Couturier or Dressmaker in C20th London Society

Couturier or Dressmaker in C20th London Society

Saturday 17 March 2018

What differentiates a couturier from a dressmaker? Why are some remembered and others forgotten? This study day explores some of the lesser-known couturiers and dressmakers of the twentieth century through surviving archives and objects in collections.

Lucile: Portrait of an Archive
Amy de la Haye is co-author of Lucile Ltd.: London, Paris and Chicago, 1890s – 1930s which is a study of the Lucile Archive housed at the Victoria and Albert Museum, with a focus on a fashion album from 1905. This extensively illustrated lecture will explore the history and contents of this archive, situated within the context of Lucile’s career.

Amy de la Haye is Professor of Dress History and Curatorship at London College of Fashion. She was formerly Curator of 20th Century Dress at the V&A. She has published extensively on London dressmakers and couture.

Dressmakers of London: through the wardrobe of Heather Firbank
In 1926 Heather Firbank packed away her extensive wardrobe of fie clothes, bought from the very best dressmakers and tailors in London. In 1957 over 200 items were acquired by the V&A laying the foundation of its now world famous fashion collection. A rare and remarkably complete picture of one young woman’s tastes and shopping habits at the beginning of the twentieth century is captured through the clothes, photographs, bills and correspondence held in this archive and we learn of the many dressmakers who satisfied the demands of a wealthy elite who could not always afford the top couturiers.

Cassie Davies-Strodder is Curator in Fashion and Textiles at the V&A.

She curated the current major exhibition on Balenciaga: Shaping Fashion and other signifiant projects include: Future Fashion Now: New Design from the Royal College of Art, 2009/2010; Grace Kelly: Style Icon, 2010 and the re-display of the permanent fashion galleries, 2012.

Her recent publications include; London Society Fashion 1905-1925: The Wardrobe of Heather Firbank, (V&A, 2015 (ed.)) London Couture 1920-1970 (V&A, 2015 - essay on Michael Sherard) Shoes: Pleasure and Pain (V&A, 2015 - essay on fetishistic trends in 21st century shoes).

The Ghosts of Mayfair, or the Curious Case of London’s Forgotten Women Couturiers
The history of London couture is largely a male history, but working at the same time as the justly celebrated star couturiers such as Norman Hartnell, Charles Creed, Edward Molyneux etc., were an equally talented and innovative group of women couturiers. This talk will introduce some of these neglected couturiers and ask the question why their reputation has been eclipsed by their male contemporaries.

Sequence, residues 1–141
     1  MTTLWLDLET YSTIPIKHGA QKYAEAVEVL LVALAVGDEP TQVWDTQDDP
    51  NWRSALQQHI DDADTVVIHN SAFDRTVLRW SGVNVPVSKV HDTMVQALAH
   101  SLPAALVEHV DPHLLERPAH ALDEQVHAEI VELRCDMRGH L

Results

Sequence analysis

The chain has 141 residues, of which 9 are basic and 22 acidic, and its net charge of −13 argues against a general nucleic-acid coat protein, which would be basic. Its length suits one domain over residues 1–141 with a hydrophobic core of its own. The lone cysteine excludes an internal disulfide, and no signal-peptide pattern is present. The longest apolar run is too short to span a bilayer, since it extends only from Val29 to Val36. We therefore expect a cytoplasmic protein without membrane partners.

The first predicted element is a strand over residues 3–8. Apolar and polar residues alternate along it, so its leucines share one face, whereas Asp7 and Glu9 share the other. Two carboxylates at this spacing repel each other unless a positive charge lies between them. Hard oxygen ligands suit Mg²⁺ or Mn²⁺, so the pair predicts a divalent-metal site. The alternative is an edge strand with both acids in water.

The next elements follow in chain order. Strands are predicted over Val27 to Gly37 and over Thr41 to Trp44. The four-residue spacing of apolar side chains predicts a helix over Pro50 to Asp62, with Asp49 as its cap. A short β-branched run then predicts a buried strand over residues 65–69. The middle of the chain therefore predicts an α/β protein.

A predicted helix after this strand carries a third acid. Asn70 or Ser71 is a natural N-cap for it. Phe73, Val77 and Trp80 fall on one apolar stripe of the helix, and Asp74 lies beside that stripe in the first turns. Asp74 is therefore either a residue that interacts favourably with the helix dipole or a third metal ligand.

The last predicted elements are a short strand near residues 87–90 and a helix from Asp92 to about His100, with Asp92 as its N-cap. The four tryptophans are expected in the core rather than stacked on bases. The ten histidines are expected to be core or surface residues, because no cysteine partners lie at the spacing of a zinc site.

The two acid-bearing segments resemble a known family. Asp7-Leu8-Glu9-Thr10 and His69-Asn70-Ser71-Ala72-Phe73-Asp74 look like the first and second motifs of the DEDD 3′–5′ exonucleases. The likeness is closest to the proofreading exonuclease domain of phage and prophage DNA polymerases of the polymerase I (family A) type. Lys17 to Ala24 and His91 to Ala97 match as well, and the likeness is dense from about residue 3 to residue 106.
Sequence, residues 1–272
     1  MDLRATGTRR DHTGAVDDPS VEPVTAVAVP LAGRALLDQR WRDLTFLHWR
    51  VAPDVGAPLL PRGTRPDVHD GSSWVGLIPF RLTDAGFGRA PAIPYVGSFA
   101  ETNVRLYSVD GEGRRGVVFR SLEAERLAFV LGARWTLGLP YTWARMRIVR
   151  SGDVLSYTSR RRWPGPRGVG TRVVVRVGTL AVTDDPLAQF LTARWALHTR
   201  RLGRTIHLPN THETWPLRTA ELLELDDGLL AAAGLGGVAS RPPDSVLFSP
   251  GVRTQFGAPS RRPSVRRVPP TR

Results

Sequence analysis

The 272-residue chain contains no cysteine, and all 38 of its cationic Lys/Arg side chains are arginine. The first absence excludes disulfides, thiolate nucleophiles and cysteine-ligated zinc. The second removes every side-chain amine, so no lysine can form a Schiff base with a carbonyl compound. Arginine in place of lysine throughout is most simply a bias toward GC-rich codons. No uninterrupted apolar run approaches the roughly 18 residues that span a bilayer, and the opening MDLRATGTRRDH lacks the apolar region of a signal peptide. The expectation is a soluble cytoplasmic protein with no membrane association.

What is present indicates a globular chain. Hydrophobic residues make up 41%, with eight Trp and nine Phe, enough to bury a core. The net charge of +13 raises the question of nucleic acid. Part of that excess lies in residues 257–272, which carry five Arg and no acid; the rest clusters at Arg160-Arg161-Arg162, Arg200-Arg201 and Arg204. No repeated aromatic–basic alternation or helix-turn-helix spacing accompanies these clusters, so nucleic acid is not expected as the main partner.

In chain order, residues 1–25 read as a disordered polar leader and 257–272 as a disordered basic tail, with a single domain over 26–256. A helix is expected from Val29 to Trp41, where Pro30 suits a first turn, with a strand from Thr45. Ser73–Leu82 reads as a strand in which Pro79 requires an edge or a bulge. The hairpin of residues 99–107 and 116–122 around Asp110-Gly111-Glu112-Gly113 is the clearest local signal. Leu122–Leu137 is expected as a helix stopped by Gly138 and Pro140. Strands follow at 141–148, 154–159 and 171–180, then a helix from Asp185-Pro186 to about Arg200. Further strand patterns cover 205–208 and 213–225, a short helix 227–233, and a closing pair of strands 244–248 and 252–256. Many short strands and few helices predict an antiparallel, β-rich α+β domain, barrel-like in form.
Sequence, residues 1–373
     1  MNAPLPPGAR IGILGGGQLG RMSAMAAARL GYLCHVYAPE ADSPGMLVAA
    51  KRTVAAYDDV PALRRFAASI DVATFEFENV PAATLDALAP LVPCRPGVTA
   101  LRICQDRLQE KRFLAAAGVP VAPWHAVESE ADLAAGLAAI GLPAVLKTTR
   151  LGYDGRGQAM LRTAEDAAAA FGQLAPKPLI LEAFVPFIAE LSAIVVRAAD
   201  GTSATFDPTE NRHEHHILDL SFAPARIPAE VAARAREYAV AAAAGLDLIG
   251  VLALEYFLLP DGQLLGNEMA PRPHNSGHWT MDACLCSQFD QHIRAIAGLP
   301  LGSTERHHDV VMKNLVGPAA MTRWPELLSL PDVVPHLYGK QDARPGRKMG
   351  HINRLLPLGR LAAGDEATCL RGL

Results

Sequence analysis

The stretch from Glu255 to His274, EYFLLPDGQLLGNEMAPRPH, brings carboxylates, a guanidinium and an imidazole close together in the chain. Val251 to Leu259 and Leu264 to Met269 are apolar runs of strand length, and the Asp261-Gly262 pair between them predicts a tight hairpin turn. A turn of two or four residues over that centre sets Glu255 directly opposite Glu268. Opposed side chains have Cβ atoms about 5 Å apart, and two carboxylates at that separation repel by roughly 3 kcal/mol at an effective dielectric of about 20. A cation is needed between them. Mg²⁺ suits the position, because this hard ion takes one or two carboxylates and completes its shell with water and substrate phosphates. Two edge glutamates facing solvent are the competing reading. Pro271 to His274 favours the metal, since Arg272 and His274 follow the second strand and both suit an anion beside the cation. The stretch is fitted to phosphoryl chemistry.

Jonathan Faiers is Professor of Fashion Thinking, Winchester School of Art, University of Southampton and his research examines the interface between popular culture, textiles and dress. His publications include Tartan (Berg), Dressing Dangerously: Dysfunctional Fashion in Film (Yale University Press) and Colors in Fashion (Bloomsbury). He has written essays for Alexander McQueen (V&A), Developing Dress History: New Directions in Method and Practice (Bloomsbury), London Couture 1923- 1975: British Luxury (V&A). He lectures internationally on textiles and dress and is a founding member of the Winchester Luxury Research Group and the Advisory Committee for the Costume Colloquium, Florence. His current research includes a new, single authored, socio-cultural history of Fur (Yale University Press 2020).

Famous, Forgotten, Found: rediscovering the career of London couture fashion designer Giuseppe (Jo) Mattli, 1934-1980
Giuseppe (Jo) Mattli, a Swiss-born couturier, established his business in London around 1934. A member of the Incorporated Society of London Fashion Designers from 1948, he was a contemporary of Norman Hartnell, Hardy Amies, Victor Stiebel, Charles Creed, Digby Morton and John Cavanagh. Retiring from couture in 1975, Jo Mattli’s career was, with Hartnell and Amies, one of the longest in British couture. It is perhaps surprising that Mattli is not better remembered in the histories of fashionable dress.

Caroline Ness began researching the couturier Jo Mattli for her MA at the Textile Conservation Centre Winchester in 2008. She continued this research for her PhD at the University of Glasgow in 2014. Now an independent scholar and researcher, Caroline works as a consultant in museum collections management and curatorial research. Plans are in progress for a monograph on Mattli and for a post-doctoral research project with the University of Glasgow Centre for Textile Conservation that will identity the fires used in the production of mid-twentieth century couture fabric.

The report on this event is included in the Spring 2018 issue of WECS Wardrobe.

Magazine Cover